More often than not, you will find that there is a higher number of people who would never make the decision to move to a completely different environment, whether young or old. And their sole reason is comfort.
Regardless of the kind of change or the reason behind it, it has been universally accepted that change is uncomfortable, hence the minuscule percentage of people who welcome it with open arms. Relocating most times connotes starting afresh, and as attractive as it might sound, can be a difficult experience. While it may take some people a few months or years to find their bearing, others never truly integrate into their new environment. Fortunately, the former was the case for Ify Adenuga, a young Nigerian igbo lady who, as a result of the Nigerian Civil War that occurred in the late 60’s, was forced to leave her family, friends and everything she knew.
Witnessing a war can have lasting effects on a person’s mind. For some, they are shot into constant fear, never wanting to leave the warm embrace of their comfort zone. Others switch to survival mode; they do everything with such determination and focus, asif their lives depended on it, because to them, it infact did. At an early age of 24, the young and vibrant Ify Adenuga migrated to Tottenham in 1980, one of the poorest areas in London, plagued with crime, unemployment, welfare dependency, and gang/gun/drug culture amongst other things. Miles away from everything she had grown to identify with and call home, she commenced her new life in the unfamiliar streets of London, as a student and working-class immigrant.
To navigate life as an immigrant, in a city brimming with hardship and hostility, one has to be tough, smart, resilient and determined. Ify was determined to learn and conquer her new environment. She had picked up values from her parents that she would later rely on to tackle the many hurdles of life. As the first of 6 children, Ify observed the lives of both of her parents who worked well into their 80s; her mum farmed, harvested and sold her produce at the local market while still running the home, and her dad provided services to members of the public. She learnt the value of hardwork, persistence and always setting realistic goals. With this understanding that life is not a bed of roses, and getting what you want, means working for it, Ify began to strategize and pursue her dreams relentlessly.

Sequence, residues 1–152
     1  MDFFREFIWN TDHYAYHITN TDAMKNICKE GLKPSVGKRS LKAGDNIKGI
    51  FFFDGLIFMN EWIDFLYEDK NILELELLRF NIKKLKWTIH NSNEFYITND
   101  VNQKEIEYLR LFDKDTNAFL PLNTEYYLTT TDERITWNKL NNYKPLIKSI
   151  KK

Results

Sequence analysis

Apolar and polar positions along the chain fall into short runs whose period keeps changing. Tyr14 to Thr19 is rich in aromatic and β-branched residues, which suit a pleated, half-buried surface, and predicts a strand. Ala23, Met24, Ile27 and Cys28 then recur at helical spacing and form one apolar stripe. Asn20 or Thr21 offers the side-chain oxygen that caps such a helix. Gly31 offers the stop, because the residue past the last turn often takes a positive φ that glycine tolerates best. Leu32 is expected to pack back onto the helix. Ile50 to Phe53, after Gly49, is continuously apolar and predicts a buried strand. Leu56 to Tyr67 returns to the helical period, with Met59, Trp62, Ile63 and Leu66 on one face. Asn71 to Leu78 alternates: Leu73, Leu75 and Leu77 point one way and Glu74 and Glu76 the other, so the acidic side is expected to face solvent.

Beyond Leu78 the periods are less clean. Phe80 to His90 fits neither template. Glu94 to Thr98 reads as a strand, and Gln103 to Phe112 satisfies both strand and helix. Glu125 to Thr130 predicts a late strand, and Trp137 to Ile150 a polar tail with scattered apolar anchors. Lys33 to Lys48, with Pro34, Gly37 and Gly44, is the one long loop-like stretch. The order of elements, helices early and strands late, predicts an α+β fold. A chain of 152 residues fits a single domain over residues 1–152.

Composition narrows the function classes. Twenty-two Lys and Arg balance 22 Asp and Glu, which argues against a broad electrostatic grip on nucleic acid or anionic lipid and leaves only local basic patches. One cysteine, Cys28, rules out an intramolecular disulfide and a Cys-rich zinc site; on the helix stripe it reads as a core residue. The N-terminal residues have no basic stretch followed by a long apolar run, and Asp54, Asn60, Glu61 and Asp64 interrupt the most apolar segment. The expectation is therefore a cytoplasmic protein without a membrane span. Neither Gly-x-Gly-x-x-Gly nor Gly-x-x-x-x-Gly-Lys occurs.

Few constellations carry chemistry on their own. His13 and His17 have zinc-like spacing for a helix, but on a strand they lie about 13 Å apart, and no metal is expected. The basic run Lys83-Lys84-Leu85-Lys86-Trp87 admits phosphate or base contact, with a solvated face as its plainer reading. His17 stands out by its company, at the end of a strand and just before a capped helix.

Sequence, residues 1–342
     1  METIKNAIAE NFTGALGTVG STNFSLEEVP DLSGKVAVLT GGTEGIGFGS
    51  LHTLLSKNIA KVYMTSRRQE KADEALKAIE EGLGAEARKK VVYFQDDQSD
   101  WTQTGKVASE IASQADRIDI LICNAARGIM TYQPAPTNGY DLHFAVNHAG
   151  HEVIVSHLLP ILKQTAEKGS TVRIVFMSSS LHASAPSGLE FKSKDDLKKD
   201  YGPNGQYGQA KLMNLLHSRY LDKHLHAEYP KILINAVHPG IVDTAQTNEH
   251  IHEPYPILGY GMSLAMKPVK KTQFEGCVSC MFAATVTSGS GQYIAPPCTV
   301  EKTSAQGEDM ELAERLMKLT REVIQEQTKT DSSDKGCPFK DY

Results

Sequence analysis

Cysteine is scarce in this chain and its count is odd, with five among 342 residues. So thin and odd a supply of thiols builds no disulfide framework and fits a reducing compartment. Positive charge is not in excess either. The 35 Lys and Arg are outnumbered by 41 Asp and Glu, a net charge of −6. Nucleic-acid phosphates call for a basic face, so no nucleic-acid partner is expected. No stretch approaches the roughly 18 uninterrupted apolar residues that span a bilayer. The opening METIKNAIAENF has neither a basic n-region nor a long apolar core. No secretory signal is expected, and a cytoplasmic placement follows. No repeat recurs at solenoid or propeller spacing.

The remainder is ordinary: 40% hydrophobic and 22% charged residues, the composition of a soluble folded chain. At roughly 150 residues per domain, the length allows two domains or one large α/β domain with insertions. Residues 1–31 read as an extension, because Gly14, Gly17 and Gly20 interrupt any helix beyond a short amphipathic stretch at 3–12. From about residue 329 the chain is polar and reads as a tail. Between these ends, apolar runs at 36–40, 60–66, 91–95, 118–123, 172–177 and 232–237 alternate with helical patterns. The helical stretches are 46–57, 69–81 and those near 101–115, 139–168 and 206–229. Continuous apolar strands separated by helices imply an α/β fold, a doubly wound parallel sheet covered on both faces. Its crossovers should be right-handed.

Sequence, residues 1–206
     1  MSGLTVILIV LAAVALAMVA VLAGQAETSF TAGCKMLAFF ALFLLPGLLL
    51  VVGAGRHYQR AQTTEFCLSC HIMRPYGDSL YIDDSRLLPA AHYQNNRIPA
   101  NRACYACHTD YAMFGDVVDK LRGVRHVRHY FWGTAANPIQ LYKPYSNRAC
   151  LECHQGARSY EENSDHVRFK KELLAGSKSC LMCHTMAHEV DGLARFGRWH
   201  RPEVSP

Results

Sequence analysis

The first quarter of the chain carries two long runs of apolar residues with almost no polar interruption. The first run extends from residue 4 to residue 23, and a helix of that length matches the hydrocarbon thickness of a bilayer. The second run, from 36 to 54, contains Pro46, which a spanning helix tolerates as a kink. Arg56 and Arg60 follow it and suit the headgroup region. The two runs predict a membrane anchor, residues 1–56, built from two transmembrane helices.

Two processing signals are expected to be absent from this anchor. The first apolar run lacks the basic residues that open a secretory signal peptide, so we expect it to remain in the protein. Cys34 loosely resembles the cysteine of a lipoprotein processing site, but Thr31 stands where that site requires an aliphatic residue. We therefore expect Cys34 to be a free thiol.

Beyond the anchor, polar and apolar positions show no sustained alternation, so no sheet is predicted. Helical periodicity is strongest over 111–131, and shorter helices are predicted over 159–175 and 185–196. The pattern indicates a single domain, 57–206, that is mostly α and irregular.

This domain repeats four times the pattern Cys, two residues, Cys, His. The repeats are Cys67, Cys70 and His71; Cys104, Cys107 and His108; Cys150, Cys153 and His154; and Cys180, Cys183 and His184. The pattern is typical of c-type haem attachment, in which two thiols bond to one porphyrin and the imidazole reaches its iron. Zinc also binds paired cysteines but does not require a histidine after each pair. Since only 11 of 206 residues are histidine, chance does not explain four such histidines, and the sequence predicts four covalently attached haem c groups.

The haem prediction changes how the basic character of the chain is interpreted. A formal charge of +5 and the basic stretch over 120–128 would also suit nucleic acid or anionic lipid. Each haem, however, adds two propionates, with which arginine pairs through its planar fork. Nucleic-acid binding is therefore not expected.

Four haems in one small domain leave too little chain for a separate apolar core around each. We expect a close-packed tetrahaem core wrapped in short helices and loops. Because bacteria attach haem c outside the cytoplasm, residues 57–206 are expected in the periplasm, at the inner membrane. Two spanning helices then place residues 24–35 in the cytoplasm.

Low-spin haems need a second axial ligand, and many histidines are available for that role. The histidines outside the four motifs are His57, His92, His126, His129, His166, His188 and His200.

She enrolled into a few colleges, and soon after began work at a bingo hall in east London, where she met her husband, Joseph Senior Adenuga, a Yoruba man, who was also a working migrant. They soon got married and had their first child, Joseph Junior Adenuga, who is better known today as Skepta, one of UKs most successful musicians. The couple later had three more children; British grime MC, Jamie (JME); British Radio Presenter, Julie and Producer and Graphic Designer, Jason Adenuga, who are some of the most talented creatives in the UK today. When asked why she and her siblings are all so creative, Julie Adenuga told The Guardian in an interview, “One thing that I would say made us all this way is the fact that we just never had any money growing up, everything we wanted to do or play with had to be made by us… We never wanted to just sit there and talk to each other, so we’d go and physically make things. We would make go-karts, and other things. You want to hear a song and it doesn’t exist, just make the song and then it exists.”
It was not easy raising four children in an environment that was well known for its crime rate and mischief, and Ify and Joe Adenuga, like any other parent, did their best to ensure that their kids were raised right, their family was safe and their needs were met. Ify explained her parenting style in an interview with Genevieve magazine, and attributed her success in raising her kids to her husband and educational and professional backgrounds. Her passion for youth development and empowerment was also a major element that shaped the way she trained and raised her kids.
She said, ‘Being in the education and youth empowerment fields, prepared me for the process of having children. I was constantly meeting, engaging and partnering with like minds to set up and run youth projects supporting young black people in our area. I joined my local borough strategic partnership, recruited and trained volunteers that made welfare representations for youth and vulnerable adults in police custody, amongst other things. The experience really helped me not only cope with my children but also work in support of thousands of children I came across. I was very much determined to inform every child like I did my children, that adults can really be trusted.”
Ify has put her memories and experiences to paper in her soon to be released memoir titled “Endless Fortune”. It is the first book of its kind, examining the experience of the African diaspora and the complications around immigration from a personal perspective, and considering the ongoing conversation around migration politics and immigration in the UK, “Endless Fortune” is a timely addition to a global and prevalent conversation. Ify generously documents her journey, including the highs and lows, putting herself at the very heart of the story, the purpose of the book is to serve as an encouragement to African migrants on a similar path, that regardless of the part of the world they decide to call home, survival is possible.